At first frustrated by the COVID pandemic’s obstacles blocking musicians from recordings and concerts, drummer Gerry Gibbs decided to find a way, or ways, to overcome them. His determination evolved from the sudden frustration that stalled his planned 2020 album release to the unanticipated inspiration that led to the album of his lifetime.
Gradually, Gibbs’s Thrasher Dream Trios album took shape as a way to honor two important musicians in his life: Chick Corea and his father, Terry Gibbs.
Unexpectedly, Corea took an interest in Gibbs’s unshaped projects, and he contributed ideas, a composition, and four of the double-CD’s 19 performances. Corea remembered that bebop vibraphonist Terry Gibbs hired him when he was but a teenager. Participation in the arrangements and performances for the album represented his way to pay back for the elder Gibbs’s interest in Corea at the early stage of his remarkable career.
Not wanting to play merely standards after struggling to record in an age of social distancing, Gibbs sought original compositions for the projects, and then—eureka!—he, along with others, decided that a tribute to his father would be the perfect theme.
Terry Gibbs modestly states that he wrote songs with chord changes that he had fun with on the vibes; he had no thought of others recording his music. No one knew better than the son that his father had written hundreds of songs over his career of 70-plus years as he worked with jazz icons. The difficulty would be winnowing down all of those pieces into 19 tracks on Songs From My Father.
Once Corea was on board, along with legendary bassist Ron Carter who completed the trio, the drummer decided to add three more pianists, even though they lived far apart. Gibbs’ solution? He went to them. He and his wife drove over 15,000 miles to record the tracks for the double album.
The result is an album of virtuosic performances, spurred no doubt by the ability to experience the joy of recording jazz again, still during a pandemic, not to mention invigorated by the opportunity to provide musical appreciation for the 97-year-old Terry Gibbs’s long jazz career. The joy is so overwhelming that it comes through on every track of the recording.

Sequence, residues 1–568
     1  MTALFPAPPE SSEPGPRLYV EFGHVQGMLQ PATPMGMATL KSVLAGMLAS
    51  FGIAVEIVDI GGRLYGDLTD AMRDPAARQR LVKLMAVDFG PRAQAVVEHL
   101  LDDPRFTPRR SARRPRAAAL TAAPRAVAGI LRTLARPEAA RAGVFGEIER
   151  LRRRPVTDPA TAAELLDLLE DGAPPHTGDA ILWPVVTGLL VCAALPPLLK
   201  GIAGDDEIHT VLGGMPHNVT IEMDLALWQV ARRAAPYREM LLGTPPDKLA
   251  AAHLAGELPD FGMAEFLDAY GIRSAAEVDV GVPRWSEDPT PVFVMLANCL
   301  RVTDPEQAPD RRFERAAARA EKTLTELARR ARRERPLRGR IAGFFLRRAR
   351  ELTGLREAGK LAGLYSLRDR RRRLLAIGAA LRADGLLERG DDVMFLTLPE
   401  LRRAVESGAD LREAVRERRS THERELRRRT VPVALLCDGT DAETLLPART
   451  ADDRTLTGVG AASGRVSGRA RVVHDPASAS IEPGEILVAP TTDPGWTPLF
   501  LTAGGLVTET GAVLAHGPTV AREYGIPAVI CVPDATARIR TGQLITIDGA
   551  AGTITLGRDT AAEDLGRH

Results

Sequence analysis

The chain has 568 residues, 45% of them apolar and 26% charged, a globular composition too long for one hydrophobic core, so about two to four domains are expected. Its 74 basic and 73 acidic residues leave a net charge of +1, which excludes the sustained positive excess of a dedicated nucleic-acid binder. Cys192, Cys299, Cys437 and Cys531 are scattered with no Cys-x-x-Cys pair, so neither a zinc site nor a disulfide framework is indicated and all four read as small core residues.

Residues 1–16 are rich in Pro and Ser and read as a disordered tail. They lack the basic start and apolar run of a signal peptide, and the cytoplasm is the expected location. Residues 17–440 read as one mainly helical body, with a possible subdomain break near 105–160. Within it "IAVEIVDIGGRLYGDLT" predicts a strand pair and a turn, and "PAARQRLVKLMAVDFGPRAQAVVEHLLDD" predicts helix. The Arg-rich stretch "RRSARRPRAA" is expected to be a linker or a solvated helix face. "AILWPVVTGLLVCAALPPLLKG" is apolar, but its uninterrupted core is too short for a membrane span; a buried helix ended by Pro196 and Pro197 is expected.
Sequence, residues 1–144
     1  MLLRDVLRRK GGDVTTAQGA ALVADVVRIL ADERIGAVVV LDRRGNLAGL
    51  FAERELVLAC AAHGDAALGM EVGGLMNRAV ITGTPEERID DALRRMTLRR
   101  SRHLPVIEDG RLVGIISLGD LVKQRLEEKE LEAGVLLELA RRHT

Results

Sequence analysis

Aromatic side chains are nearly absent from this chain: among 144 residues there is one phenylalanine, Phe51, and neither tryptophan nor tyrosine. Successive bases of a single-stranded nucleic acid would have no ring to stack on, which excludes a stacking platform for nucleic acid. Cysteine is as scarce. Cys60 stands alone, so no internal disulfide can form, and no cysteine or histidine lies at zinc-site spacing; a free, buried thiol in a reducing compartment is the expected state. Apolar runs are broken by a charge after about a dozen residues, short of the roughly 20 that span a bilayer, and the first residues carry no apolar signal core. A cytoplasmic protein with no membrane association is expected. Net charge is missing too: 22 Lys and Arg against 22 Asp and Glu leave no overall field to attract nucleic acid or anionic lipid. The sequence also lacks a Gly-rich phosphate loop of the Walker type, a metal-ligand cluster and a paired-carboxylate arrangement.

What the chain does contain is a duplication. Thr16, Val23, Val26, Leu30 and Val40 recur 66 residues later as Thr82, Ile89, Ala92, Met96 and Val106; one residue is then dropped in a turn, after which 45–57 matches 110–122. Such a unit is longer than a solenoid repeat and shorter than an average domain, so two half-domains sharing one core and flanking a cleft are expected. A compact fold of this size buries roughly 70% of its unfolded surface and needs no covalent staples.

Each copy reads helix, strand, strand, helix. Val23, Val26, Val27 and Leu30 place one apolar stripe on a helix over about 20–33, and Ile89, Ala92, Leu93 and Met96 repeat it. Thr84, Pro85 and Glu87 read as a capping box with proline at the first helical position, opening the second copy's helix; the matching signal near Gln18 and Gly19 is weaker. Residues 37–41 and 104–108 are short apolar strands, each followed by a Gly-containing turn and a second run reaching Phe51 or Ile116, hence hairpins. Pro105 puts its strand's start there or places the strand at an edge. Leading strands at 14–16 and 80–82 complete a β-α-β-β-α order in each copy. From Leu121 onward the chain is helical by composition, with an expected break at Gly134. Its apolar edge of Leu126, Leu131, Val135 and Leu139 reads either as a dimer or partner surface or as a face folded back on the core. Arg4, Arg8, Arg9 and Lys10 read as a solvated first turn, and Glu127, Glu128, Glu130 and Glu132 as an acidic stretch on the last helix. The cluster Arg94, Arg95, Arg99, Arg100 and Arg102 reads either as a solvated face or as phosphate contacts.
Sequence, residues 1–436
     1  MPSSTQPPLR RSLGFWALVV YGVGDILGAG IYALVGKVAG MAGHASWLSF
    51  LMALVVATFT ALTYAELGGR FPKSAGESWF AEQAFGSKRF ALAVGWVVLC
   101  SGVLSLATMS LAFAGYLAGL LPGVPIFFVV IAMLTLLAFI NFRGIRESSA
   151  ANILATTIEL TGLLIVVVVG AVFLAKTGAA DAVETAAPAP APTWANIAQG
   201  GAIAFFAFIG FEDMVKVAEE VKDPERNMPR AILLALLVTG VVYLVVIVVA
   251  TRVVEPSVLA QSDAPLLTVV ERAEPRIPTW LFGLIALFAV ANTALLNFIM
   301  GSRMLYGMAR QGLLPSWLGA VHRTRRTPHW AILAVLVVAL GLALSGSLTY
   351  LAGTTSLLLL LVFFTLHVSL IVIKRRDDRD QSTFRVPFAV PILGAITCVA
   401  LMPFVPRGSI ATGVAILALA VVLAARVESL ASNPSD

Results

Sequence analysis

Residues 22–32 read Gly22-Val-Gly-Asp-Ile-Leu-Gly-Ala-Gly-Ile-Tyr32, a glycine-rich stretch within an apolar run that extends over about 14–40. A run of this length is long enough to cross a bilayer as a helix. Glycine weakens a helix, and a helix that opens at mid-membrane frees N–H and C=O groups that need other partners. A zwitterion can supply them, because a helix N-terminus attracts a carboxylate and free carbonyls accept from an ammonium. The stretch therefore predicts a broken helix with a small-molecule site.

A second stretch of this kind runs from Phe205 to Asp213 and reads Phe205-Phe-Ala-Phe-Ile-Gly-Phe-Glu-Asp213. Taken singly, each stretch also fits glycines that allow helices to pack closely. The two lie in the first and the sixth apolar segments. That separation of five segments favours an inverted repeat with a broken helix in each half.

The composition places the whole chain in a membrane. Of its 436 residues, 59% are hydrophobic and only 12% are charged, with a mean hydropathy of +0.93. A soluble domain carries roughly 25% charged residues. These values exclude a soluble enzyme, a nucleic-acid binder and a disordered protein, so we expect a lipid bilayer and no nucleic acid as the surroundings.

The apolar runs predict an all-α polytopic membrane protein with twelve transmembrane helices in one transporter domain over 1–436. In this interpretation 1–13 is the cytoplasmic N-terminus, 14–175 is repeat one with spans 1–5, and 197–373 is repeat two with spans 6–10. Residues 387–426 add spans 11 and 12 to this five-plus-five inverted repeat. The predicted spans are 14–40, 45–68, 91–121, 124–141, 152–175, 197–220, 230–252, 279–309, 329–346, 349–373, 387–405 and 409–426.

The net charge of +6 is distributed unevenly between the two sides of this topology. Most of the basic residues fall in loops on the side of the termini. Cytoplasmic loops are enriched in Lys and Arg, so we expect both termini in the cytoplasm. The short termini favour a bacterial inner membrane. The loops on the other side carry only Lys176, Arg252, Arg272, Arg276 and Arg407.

Gibbs didn’t know until after the album was finished that it was Corea’s last, and it inadvertently commemorates one of jazz’s legends. Poignantly, while Corea wrote the final piece for the album, “Tango for Terry,” the album also includes the honoree Terry Gibbs’s 1961 song for Corea, “Hey Chick.”
Settling for nothing but first-call musicians, Gibbs’s other Thrasher Dream Trios consisted eventually of pianist Kenny Barron and bassist Buster Williams, pianist Patrice Rushen and Hammond B-3 organist Larry Goldings, and pianist Geoff Keezer and Christian McBride. The tracks are roughly evenly split with four or five by each trio.
First, an appreciation is deserved for the effort that went into “Hey Chick.”
Gerry Gibbs’s idea was to summarize the scope of the project, and to pay tribute to Corea’s vitality, in this one track through a feat of sound engineering by Mike Marciano. And so, all the musicians but Corea improvised with enthusiastic professionalism upon the theme, Keezer /Carter providing the lead-in and Keezer /McBride completing with the final chorus. Ingeniously, the track starts the rounds of improvisations with Terry Gibbs’s 1961 recording, enhanced by fills from Gerry Gibbs and Goldings.
And then Corea’s reciprocal composition, “Tango for Terry,” perhaps his last, finishes the album in purely Corea-ish style with those trademark accents, Spanish allusions, stirring rhythms, broad characteristic chords, twinkling grace notes, minor-key expression and his ageless musical scamper. Unlike Terry Gibbs’s bebop-inspired melodies, “Tango for Terry” instead shares Corea’s musical personality on the album for a final remembrance.